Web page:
Credit departments are more involved in companies than ever before and are in need of keeping up in the 21st century. Corporations expect decisions to be quick, accurate and lead to profitable results—not just in the credit department but throughout the entire business. One way to improve credit decisions and the credit process as a whole is with shared services.
Credit managers are more like portfolio managers, said Scott Phillips in the NACM webinar “Standardizing Credit Operations with Shared Services.” Throughout the presentation, Phillips, who is head of shared services with Kloeckner Metals, underlined how the transformation to a standardized shared services operation helped streamline the credit process and improve business in his company.
One of the biggest impacts of not having a standardized operation is how it affects customers. As the old saying goes, “The customer is always right.” Wanting to have the best customer experience does not only live in the consumer world but also the business-to-business atmosphere.
Before setting up shared services, the credit department had an inconsistent process, said Phillips. Regional credit managers were working independently, working for branches rather than the customer. Meaning one customer account might have more than one credit manager attached to it. There were different credit decisions for the same account because of the multiple credit managers on that account. This resulted in no credit limit visibility and a lack of proper approval workflows. Customers’ accounts payable departments would be contacted by several credit managers, confusing them since they were being asked about the same invoice over and over. The finished product: poor customer experiences— something has to change.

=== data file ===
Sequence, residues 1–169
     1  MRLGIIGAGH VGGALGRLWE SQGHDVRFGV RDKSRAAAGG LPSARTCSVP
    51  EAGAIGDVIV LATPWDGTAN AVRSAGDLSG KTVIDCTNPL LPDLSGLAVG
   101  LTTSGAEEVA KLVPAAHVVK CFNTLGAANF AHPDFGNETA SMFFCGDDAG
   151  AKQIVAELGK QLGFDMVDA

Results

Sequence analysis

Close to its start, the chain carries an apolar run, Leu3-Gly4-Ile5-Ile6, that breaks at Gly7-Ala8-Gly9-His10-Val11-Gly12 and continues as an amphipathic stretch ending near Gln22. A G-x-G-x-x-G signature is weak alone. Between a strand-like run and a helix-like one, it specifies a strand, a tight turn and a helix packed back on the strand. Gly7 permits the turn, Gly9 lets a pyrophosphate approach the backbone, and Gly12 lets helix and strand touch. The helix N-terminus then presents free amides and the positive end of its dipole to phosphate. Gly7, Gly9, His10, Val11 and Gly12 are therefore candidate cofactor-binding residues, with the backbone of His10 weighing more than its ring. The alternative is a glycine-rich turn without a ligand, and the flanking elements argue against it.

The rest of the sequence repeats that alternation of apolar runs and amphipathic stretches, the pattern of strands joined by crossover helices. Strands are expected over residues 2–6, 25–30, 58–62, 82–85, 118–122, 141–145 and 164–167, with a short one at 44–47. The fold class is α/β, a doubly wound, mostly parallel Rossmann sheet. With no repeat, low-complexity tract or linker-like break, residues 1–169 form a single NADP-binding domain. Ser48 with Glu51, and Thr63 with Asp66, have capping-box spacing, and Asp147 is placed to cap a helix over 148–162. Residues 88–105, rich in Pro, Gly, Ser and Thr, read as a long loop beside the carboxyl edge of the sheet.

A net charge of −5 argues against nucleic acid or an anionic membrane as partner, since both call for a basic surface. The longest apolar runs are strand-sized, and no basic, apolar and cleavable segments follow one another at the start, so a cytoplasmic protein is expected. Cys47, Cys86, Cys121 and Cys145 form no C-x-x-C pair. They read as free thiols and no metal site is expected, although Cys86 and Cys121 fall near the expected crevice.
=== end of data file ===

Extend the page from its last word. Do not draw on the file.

“Identifying the issues was not a hard process,” said Phillips. “The way to address them was more of a challenge.” From the outset, there would never be a single version of the truth—multiple credit reports, spreadsheets, invoice tracking, etc. This resulted in inefficiencies when it came time to collect, which was also disorganized. It was taking too much time to get paid on past due invoices because of the excessive number of steps: emails, phone calls, notes and documentation that did not line up, forcing the necessary change. Email is a great tool, but the credit department was stuck typing the same email over and over, while notes on the same account were practically identical. It was a confusing process and not really efficient, said Phillips.
Three items were addressed during this change: the people, the process and technology, with each having its own role throughout the transition to shared services. One of the biggest changes was that now customers would have one point of contact with the credit department rather than multiple credit managers servicing the same account. This would give credit managers the ability to focus on other projects. It is important to remember that customers should not be kept in the dark about the changes that are happening. Educate them about the transition.
The credit process becomes more efficient and transparent with standardization as does the collections process. Technology can help with that, allowing credit managers to see the entire account hierarchy. Tech solutions also give credit managers more time to concentrate on other aspects of their job— troubled accounts, collecting past due invoices, etc. Another benefit is that products have automatically approved renewals based on an internal scoring system.
While some businesses are trying to do more with less, Phillips said he While some businesses are trying to do more with less, Phillips said he is looking to “do more with the same,” relocating employees to other roles within the company or department. He is trying to increase efficiencies by doing more work. Among the lessons learned are to make sure customers are part of this change and not surprised, to improve customer experiences with standardization and to drive efficiency.
-Michael Miller, Managing Editor, NACM